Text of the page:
Policy Brief: Reducing Health Disparities: Using Health Risk Assessments to Improve Viral Hepatitis Screening and Immunization
Combating the Silent Epidemic of Viral Hepatitis: Action Plan for the Prevention, Care and Treatment of Viral Hepatitis
The "Secret" Epidemic: Disparities in Hepatitis C Incidence, Treatment, and Outcomes, Joint Center for Political and Economic Studies
Winning the Future: A Road Map for the Asian American and Pacific Islander Community, The White House
Hepatitis and Liver Cancer: A National Strategy for Prevention & Control of Hepatitis B & C, Institute of Medicine (Report)
Hepatitis and Liver Cancer: A National Strategy for Prevention & Control of Hepatitis B & C, Institute of Medicine (Brief)
Recommendations for Identification of Persons with Chronic Hepatitis B Virus Infection, Centers for Disease Control and Prevention, MMWR
California Adult Viral Hepatitis Prevention Strategic Plan, 2010-2014, California Department of Public Health
SB 1159 Report: An Evaluation of Over-the-Counter Sale of Sterile Syringes in California, California Department of Public Health
Viral Hepatitis: Disparities and Opportunities
Viral hepatitis is often referred to as a silent epidemic. The vast majority of individuals infected with hepatitis B virus (HBV) or hepatitis C virus (HCV) do not know they are infected, that they can infect others, and that with treatment they could avoid deadly or disabling liver disease or cancer. The estimated number of persons in California currently infected with untreated chronic viral hepatitis exceeds 700,000. Without improved screening and treatment efforts, from 2010 to 2030 the number of liver cancer cases in the U.S. is expected to rise 59 percent, with the highest increases expected among Hispanics and Asian American and Pacific Islanders.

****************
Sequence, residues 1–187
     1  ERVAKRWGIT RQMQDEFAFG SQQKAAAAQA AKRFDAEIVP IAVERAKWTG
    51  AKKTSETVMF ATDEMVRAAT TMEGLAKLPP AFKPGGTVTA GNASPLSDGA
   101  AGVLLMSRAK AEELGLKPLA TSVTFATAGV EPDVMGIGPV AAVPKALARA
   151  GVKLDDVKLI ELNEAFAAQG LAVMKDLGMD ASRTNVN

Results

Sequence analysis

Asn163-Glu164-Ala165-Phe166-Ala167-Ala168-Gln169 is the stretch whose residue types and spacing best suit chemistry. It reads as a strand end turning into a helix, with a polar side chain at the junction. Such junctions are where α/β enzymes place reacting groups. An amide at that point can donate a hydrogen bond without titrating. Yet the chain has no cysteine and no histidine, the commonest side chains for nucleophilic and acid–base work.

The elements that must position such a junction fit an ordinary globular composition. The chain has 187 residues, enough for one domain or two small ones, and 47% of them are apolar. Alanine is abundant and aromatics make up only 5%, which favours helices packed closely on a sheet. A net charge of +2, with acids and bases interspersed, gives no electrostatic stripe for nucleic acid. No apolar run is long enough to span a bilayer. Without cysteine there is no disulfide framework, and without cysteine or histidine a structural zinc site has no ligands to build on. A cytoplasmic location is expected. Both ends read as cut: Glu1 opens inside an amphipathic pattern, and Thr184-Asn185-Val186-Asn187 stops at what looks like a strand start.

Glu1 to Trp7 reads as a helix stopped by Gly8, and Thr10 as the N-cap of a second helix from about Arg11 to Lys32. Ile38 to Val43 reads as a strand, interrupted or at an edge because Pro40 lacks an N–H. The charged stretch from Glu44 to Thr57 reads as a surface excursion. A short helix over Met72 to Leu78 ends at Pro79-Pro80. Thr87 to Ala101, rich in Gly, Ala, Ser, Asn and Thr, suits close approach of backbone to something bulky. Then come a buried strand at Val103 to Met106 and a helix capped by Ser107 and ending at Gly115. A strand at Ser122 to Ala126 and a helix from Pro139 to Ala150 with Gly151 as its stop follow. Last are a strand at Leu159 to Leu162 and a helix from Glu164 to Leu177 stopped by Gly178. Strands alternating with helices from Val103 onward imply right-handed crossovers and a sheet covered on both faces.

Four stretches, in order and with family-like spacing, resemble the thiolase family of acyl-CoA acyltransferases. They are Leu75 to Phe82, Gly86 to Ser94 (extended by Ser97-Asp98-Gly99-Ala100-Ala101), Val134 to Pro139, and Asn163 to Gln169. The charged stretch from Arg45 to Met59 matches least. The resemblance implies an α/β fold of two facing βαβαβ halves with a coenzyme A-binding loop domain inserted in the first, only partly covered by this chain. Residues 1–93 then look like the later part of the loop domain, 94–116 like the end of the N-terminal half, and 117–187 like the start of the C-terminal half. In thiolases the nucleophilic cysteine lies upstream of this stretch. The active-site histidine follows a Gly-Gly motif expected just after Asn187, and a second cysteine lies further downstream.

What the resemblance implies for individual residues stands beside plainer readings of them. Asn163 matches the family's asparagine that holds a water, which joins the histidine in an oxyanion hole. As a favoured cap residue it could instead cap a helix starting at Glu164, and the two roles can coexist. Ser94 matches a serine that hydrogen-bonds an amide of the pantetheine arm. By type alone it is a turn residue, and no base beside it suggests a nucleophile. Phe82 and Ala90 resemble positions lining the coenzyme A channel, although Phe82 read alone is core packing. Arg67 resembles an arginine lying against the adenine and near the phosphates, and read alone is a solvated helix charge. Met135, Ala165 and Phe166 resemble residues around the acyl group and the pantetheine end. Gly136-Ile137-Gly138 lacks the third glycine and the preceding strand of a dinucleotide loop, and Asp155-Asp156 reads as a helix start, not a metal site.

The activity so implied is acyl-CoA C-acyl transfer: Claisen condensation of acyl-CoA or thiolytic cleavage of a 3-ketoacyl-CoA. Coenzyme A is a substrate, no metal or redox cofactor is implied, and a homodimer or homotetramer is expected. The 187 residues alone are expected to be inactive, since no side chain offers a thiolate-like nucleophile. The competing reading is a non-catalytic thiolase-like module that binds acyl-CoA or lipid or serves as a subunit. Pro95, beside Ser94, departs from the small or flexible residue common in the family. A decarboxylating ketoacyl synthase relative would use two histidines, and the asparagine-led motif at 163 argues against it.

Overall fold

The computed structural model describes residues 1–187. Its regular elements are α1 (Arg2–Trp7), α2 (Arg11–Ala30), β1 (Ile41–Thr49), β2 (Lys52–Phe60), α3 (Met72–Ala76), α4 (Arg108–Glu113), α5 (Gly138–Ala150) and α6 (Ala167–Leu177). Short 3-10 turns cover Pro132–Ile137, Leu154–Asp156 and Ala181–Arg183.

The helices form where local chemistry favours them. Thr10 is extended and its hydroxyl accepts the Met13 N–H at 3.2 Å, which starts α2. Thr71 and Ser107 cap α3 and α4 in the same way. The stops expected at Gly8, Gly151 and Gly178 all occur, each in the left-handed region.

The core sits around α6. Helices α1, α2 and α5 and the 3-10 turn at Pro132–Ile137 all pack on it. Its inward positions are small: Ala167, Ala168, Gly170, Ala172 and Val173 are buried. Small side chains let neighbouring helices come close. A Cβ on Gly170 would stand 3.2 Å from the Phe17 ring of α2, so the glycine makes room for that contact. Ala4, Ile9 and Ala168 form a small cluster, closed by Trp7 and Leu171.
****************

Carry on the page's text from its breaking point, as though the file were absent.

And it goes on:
Over half of those with chronic HBV are Asian/Pacific Islanders, many of whom have emigrated from countries with high rates of hepatitis B infection. While smaller in number, the highest rate of infection is among African American men (2.3 per 100,000). African Americans and Hispanics have higher rates of hepatitis C infection than Whites. In addition, 34 percent of California’s prison population is infected with chronic HCV.
Many aspects of the Affordable Care Act (ACA) provide opportunities to improve viral hepatitis prevention, screening, and treatment services. This is a crucial time for policymakers and advocates to ensure that ACA implementation efforts include strategies to reduce the current and future burden of viral hepatitis in California.
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